The mobile phone industry is an inexorable juggernaut of new products and innovations, reeled out by perpetually leap-frogging competitors. Just a few years ago, Taiwan-based HTC was a big player but a small name, happy to churn out handsets for others without taking any credit. The arrival of Google's Android operating system changed all that, providing HTC with the opportunity to steal a march on its rivals by building the smartest smartphones, with subtle but slick enhancements to the operating system.
Wallpaper* caught up with HTC's Chief Innovation Officer Horace Luke to talk new handsets and new trends, on the eve of the company's global launch of its latest two Android devices, the Desire HD and the Desire Z. Android is now up to version 2.2 ('FroYo', a codename that reflects Android's curious obsession with sweet desserts), and HTC's integrated OS enhancement, HTC Sense, blends seamlessly into the phones, with added functionality for things like email and Facebook. The Desire Z also has a snappy fold-out keyboard, with intuitive elements like universal shortcuts and hotkeys baked into the hardware. The HD is a raw performance machine, splicing a richly coloured 4.3" OLED screen, an 8-megapixel camera, all aluminium construction and a swift 1Ghz processor. Throw in Dolby surround sound and you have an unrivalled portable media player.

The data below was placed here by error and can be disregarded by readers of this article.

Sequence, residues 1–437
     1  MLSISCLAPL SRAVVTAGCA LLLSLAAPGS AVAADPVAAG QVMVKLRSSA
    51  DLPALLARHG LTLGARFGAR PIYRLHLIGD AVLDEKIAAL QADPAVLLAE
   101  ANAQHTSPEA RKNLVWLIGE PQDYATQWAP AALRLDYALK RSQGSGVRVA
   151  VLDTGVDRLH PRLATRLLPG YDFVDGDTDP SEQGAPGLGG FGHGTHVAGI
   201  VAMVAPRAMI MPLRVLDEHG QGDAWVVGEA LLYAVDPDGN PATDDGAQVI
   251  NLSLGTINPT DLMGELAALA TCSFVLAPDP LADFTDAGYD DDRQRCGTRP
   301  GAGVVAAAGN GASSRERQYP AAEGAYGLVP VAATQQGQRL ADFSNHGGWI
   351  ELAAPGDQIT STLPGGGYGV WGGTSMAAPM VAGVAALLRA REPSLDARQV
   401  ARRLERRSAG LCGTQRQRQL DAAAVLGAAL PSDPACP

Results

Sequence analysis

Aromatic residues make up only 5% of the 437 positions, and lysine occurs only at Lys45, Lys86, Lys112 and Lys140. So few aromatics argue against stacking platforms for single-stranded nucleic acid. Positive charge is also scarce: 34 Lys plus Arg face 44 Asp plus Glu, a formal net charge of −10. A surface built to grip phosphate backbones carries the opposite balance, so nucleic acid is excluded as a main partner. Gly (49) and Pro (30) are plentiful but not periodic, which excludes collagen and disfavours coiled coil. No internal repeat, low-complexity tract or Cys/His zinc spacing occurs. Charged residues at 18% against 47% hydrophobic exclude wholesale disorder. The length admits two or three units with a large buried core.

The HD and the Z are both pleasingly hefty objects, with all the slickness and elegance we've come to associate with the brand. But the company's third announcement marks a step change in how we use mobile devices. is a new free service for phone owners, essentially an online synch system that will allow users to remotely access their handsets from any browser. The possibilities on offer are endless; not only will you be able to remotely wipe compromising data from a stolen phone, but you can create a back-up profile of your essential footprint, making it a breeze to switch to a new phone, or even between a collection of handsets. It'll even allow you to switch on a ringtone on a lost and silenced handset so you can find it down the back of a sofa. On top of all this, the HTCSense site will present itself a platform for suggestions in the ever-expanding world of Apps. Admittedly, this all smacks somewhat of Apple's MobileMe service, but we can't fault anything that continues the migration of critical data from our pockets to the cloud. 'Hardware and software are integral to each other,' Luke enthuses, 'we believe in a connected life.'
One more element coming as standard with the latest iterations of the Desire is the ability to cache great chunks of Google maps, meaning that you can suck down the digital environs of your long-distance destination without having to worry about roaming fees. Next up for the company is a suite of new handsets for Windows Phone 7, the radically revised iteration of Microsoft's mobile software that it hopes to propel it back into the limelight. For now, the Desires will continue bolster Android's market share - we'll even forgive HTC's rather too literal naming strategy.